In this program, you will learn how to use the following:

  • The keyboard to move objects around the screen

  • if statements

  • Move commands to move right, left, up, and down

  • AddAngle commands to rotate an object about its x, y, and z axes

  • The CreateSphere command

In the previous programs in Chapter 3, we moved objects around the screen using the Walk command, which was very useful. However, we were restricted to rotating the object and moving it forward/backward. What if we want to make the object move in other directions, like up, down, or sideways ? And what if we want to use other keys instead of the arrow keys to cause such actions to occur? In this project, we will move a sphere around the screen using some more versatile commands. Figure 4.1 shows what the end result should look like.

Figure 4.1: Screenshot of the Sphere1 project.

if Statements

Consider the following Jamagic statements:

 if(Keyboard.IsKeyDown(Keyboard.UP)) {   mysphere.Move(200,2); } 

This looks pretty mysterious , but let s think about it. The statement is saying: if the up arrow key is pressed, then move the object mysphere “200 units back (note the negative sign in front of the 200; this indicates backwards motion ”motion towards the camera); this motion is to take 2 seconds to occur.

Now try to understand what the following statements do:

 if(Keyboard.IsKeyDown(Keyboard.DOWN)) {   mysphere.Move(100,2); } 

Obviously these are very similar to the previous statements, but now if the down arrow key is pressed, the object mysphere is moved ahead 100 units in 2 seconds. The fact that there is no negative (“) sign in front of the number 100 indicates that the number is positive.

The codes for other keys are listed in the Help section of the Jamagic software, but here are a few more that will be used in our game, followed by comment lines that tell you what they are:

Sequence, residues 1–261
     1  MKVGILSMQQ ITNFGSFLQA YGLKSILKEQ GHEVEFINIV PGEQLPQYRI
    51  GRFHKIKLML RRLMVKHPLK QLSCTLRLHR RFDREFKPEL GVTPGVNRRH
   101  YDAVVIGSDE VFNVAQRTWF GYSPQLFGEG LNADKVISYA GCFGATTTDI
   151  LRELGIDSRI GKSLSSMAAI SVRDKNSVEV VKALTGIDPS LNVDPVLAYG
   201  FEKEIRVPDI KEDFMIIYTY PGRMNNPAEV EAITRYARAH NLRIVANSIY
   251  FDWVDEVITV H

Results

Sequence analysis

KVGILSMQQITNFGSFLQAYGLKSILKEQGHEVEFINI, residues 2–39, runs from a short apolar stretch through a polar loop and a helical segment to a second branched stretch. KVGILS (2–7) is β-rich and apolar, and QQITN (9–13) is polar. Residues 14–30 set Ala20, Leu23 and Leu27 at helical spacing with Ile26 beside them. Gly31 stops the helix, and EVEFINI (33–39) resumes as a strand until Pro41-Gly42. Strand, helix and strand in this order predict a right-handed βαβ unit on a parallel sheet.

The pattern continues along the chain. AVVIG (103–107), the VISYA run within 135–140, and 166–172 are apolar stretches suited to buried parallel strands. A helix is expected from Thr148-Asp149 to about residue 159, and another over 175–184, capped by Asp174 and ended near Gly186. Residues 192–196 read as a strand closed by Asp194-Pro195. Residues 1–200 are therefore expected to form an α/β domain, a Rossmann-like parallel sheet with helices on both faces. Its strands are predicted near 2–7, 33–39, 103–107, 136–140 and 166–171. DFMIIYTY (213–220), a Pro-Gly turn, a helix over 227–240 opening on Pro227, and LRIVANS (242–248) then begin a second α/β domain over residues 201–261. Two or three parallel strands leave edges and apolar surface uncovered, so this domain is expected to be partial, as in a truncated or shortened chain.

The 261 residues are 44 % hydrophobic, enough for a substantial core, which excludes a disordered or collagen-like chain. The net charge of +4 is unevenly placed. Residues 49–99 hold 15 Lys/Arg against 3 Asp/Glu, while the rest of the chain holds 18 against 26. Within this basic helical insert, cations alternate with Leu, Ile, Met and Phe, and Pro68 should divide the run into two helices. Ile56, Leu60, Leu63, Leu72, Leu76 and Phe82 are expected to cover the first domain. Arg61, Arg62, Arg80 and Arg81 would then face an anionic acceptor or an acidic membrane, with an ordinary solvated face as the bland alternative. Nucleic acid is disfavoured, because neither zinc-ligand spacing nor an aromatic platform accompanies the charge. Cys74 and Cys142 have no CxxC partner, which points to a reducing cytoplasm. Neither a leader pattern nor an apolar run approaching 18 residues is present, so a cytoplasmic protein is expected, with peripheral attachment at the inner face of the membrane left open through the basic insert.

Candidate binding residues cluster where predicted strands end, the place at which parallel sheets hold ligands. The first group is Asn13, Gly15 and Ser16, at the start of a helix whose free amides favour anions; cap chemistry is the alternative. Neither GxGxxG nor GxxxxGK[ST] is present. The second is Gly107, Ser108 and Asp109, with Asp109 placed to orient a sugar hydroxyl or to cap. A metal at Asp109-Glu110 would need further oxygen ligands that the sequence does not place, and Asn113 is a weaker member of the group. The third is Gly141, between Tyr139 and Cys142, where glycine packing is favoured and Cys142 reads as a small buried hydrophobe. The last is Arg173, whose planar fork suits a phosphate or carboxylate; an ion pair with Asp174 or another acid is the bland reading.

if(Keyboard.IsKeyDown(Keyboard.RIGHT)) // right arrow key if(Keyboard.IsKeyDown(Keyboard.LEFT)) // left arrow key if(Keyboard.IsKeyDown(Keyboard.SHIFT)) //shift keymoves up if(Keyboard.IsKeyDown(Keyboard.CAPSLOCK)) //Caps Lock key//to move down 

The if statement is an extremely powerful and useful programming tool, and it exists in just about every programming language.

Here is another example of an if statement ( please note that we will not use this example in our program ”it s presented only for illustration purposes):

 if (speed = = 3) { mysphere.move(10) } 

These lines mean that if speed is equal to 3 then mysphere will be moved 10 units forward. You get the basic idea: everything inside the brackets is done when the condition specified in the if statement is met.

From this, you might have been able to figure out that the if statement has three parts :

  1. The if statement itself, which tells which condition to test for, with the condition to be tested in parentheses ( if (speed = = 3) )

  2. The brackets, which indicate the end and beginning of the action to be taken